4 tips to take care of yourself after having a baby.
From the moment I found out I was pregnant, my priorities quickly shifted. I immersed myself in books that educated me on what to expect in caring for a new baby. And though I felt prepared for our little one, I could have used a little more wisdom in taking care of myself -- from preparing myself for the emotional jolt of bringing my baby home from the hospital to combating the baby blues and dealing with "mommy brain." Indeed, the level of self-sacrifice required in pregnancy is just a prequel to caring for yourself as a new mama; and after giving birth, nurturing ourselves needs to become our foremost priority.
So to help nurture your physical, spiritual and emotional selves, here are four tips that will help you put self-care on your to-do list and guide you through your daily pursuit of balance.
1. Plan Ahead. “If you fail to plan, you plan to fail.” Before baby, I found freedom in flying by the seat of my coat tails. Unfortunately, the outside world makes little concession for hormonal, flustered mamas. Thus, planning is essential! If you have difficulty keeping your commitments, are frequently losing things or have trouble making decisions, you may be experiencing mommy brain. Write everything down, keep a working to do list, and schedule everything 30 minutes in advance. I say, “if the appointment isn’t in my Google calendar, it doesn’t exist.”
You can also do yourself a favor by planning for the unexpected. Prepare healthy meals and snacks the night before so you can grab and go. Keep your diaper bag and car stocked with mommy and baby essentials. I inherently panicked when my baby had her first public diaper blowout. Yet, having a pre-prepared bag on deck (which included a spare change of clothing for myself) was a major win in my role as a new mom.
2. Ground Your Energy. While it’s important to never leave the house without moisturizer, lip gloss and mascara, self-care begins from the inside out. Create a safe place to feed your dreams and purge negative energy. Journaling is a great way to express your thoughts and release pent up emotions.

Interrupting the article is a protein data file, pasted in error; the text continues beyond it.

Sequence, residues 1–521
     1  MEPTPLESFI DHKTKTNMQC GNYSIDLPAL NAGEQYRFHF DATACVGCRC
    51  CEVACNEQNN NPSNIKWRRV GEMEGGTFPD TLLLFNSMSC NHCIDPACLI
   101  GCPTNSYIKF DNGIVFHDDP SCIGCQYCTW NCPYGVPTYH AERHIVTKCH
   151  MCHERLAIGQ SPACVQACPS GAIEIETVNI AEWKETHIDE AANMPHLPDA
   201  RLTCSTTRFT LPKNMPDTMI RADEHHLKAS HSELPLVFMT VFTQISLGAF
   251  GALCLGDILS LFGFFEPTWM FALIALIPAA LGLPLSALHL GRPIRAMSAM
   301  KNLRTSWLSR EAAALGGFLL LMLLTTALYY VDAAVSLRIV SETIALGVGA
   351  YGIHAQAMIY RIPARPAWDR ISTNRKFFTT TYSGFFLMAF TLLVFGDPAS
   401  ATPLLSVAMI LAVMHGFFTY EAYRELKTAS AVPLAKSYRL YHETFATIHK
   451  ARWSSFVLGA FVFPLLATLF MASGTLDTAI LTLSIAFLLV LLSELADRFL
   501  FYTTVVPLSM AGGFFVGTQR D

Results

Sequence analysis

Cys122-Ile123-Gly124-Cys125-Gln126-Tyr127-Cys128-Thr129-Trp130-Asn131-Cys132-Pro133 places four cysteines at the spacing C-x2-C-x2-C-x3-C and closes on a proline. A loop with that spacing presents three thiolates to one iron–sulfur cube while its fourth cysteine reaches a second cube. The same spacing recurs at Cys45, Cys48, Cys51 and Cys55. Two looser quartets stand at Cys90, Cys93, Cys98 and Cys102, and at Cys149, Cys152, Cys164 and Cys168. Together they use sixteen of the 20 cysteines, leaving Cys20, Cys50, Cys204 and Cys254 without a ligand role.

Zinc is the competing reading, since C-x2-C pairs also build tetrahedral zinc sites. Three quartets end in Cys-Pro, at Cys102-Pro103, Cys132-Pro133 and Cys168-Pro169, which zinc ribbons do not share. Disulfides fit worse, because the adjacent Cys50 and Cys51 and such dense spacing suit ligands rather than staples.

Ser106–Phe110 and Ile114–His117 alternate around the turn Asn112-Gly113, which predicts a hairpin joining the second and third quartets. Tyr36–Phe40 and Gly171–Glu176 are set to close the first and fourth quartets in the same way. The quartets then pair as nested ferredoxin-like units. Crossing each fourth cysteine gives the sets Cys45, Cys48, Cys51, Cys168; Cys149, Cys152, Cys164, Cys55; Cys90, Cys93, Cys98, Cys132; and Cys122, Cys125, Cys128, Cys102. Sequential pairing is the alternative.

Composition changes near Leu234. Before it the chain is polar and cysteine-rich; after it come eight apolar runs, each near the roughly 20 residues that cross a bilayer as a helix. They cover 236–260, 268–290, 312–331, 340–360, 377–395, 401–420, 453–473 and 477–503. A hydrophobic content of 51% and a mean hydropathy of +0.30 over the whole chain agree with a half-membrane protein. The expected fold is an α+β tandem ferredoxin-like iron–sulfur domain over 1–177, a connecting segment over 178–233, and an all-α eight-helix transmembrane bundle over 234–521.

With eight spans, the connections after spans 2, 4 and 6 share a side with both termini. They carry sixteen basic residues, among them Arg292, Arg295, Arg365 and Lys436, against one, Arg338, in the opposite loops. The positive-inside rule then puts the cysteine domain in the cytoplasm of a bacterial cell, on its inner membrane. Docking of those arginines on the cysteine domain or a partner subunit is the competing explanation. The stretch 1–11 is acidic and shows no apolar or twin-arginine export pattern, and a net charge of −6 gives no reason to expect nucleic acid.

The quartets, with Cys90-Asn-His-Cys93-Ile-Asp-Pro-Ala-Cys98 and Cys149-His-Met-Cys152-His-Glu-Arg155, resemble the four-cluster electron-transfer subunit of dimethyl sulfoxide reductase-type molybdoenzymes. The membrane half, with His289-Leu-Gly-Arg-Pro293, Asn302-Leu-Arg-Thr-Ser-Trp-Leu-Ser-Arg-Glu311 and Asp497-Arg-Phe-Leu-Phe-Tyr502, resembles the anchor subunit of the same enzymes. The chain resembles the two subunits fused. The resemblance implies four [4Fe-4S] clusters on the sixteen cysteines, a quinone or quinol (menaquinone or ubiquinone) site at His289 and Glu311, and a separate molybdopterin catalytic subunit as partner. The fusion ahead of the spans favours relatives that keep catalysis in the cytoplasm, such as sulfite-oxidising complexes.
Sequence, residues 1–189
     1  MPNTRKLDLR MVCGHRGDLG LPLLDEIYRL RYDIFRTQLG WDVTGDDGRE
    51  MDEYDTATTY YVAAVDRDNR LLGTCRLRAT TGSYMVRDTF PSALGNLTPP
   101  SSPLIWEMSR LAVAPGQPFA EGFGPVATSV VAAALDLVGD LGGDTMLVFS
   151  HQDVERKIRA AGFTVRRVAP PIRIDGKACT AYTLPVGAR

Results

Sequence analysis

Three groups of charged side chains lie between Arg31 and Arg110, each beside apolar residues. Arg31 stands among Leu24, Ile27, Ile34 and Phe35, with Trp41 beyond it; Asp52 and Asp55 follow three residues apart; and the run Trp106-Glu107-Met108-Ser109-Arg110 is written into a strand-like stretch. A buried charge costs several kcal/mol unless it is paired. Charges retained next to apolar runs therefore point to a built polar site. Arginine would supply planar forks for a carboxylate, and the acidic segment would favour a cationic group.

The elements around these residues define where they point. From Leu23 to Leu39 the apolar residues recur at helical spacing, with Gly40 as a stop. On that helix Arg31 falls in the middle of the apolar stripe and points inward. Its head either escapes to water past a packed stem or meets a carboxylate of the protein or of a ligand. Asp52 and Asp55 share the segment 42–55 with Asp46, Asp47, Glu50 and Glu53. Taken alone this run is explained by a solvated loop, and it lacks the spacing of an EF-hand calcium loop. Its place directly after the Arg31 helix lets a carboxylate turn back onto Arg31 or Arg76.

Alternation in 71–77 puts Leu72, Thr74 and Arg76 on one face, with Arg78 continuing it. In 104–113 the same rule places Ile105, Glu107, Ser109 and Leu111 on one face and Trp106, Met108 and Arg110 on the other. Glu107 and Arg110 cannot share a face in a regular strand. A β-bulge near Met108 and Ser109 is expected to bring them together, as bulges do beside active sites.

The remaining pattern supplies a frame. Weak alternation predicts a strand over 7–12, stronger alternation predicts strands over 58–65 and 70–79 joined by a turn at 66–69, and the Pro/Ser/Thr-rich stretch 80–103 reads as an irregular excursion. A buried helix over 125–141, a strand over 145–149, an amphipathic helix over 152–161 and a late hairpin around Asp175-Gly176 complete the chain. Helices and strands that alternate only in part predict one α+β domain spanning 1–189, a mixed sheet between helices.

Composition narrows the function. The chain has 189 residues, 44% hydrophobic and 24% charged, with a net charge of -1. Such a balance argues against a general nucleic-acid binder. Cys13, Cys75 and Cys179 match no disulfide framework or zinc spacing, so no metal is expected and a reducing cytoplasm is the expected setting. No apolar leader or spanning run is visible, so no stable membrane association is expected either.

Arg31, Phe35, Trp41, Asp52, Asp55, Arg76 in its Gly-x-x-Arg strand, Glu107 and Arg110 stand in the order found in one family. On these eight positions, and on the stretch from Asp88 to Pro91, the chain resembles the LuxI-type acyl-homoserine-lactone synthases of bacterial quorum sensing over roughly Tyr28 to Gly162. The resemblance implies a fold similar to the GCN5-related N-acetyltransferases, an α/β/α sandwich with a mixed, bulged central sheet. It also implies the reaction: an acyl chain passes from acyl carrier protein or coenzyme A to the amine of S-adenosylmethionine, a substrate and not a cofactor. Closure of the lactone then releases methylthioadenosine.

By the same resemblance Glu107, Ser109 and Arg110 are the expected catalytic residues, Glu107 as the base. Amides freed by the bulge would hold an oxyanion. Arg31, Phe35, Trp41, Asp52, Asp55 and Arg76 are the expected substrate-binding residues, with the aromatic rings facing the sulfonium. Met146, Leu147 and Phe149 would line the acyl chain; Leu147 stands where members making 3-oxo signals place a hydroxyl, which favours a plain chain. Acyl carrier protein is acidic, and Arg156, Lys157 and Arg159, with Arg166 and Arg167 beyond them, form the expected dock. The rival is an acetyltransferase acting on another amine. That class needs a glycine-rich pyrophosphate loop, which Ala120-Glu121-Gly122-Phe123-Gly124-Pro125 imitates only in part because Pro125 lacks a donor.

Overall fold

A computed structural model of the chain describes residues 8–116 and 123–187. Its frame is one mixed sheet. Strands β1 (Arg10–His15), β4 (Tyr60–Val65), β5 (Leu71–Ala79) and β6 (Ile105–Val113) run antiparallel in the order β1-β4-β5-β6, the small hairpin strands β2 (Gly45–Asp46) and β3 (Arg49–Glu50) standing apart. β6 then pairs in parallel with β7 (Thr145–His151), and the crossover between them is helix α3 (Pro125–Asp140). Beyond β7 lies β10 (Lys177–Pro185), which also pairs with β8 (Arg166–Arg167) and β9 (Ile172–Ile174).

Once your baby is on somewhat of a schedule, set your alarm to wake up 30 minutes early. While this isn’t always possible, you’ll thank yourself on the days you can. During this time, meditate or pray, say your affirmations, take a shower, make your coffee, and set your intentions for the day. Find solace in simple things such as lighting a candle or taking a bath. Furthermore, getting a dose of fresh air and keeping flowers on deck does wonders for lifting your spirits.
3. Be patient with yourself. Society puts far too much pressure on new moms to snap back into shape and into our previous commitments. But jumping back into rigorous exercise or social commitments can lead to burnouts. So give yourself a year or two to settle into motherhood. We want so badly to hold onto to the woman we once were. The reality is, we’ve evolved into a new and improved life-bringing force.
With that, I still battle the anxiety that comes with measuring up to my old self. There are some days I just don’t have the energy to work out. On my hardest days, I allow caring for myself and being present for my husband and baby to be enough.
4. Learn to be your own best friend. Once the baby arrives, people forget new mamas need love too! We must learn to give ourselves the attention we seek. So affirm your strength and beauty daily. Everyone has a unique postpartum experience. Honor yours, and resist the urge to compare it. Embrace everything about the new woman you are becoming. Be honest and communicate your new limitations, and don’t be afraid to slow down and set boundaries. Saying no is really saying yes to your peace of mind. Go easy on yourself. Finally, if no one’s told you lately, sit quietly with your eyes closed and your hand over your heart and simply say, “I’m proud of you.”
Shea Edwards is a native of Richmond, VA currently living in Los Angeles, with her husband and 11 month old daughter Lulu where she enjoys swimming, thrifting, traveling and deep belly laughter. She is an ordained minister, trained actress, writer and host. Shea hopes to one day live in a quaint town with her very own rose garden and swimming pool.